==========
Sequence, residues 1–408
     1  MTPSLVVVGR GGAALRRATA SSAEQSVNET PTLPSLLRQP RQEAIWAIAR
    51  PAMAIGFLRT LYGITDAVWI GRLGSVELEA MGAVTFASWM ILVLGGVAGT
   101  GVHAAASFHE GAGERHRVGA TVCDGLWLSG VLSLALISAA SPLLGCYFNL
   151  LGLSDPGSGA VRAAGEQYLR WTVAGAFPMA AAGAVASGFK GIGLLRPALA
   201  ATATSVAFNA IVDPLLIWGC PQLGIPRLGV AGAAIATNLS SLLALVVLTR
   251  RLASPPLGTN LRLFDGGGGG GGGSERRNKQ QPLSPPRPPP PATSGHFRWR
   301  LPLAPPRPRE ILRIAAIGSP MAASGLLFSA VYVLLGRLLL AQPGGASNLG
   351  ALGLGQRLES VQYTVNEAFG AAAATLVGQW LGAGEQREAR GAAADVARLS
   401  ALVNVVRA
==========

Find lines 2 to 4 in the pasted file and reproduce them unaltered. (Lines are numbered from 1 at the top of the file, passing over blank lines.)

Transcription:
     1  MTPSLVVVGR GGAALRRATA SSAEQSVNET PTLPSLLRQP RQEAIWAIAR
    51  PAMAIGFLRT LYGITDAVWI GRLGSVELEA MGAVTFASWM ILVLGGVAGT
   101  GVHAAASFHE GAGERHRVGA TVCDGLWLSG VLSLALISAA SPLLGCYFNL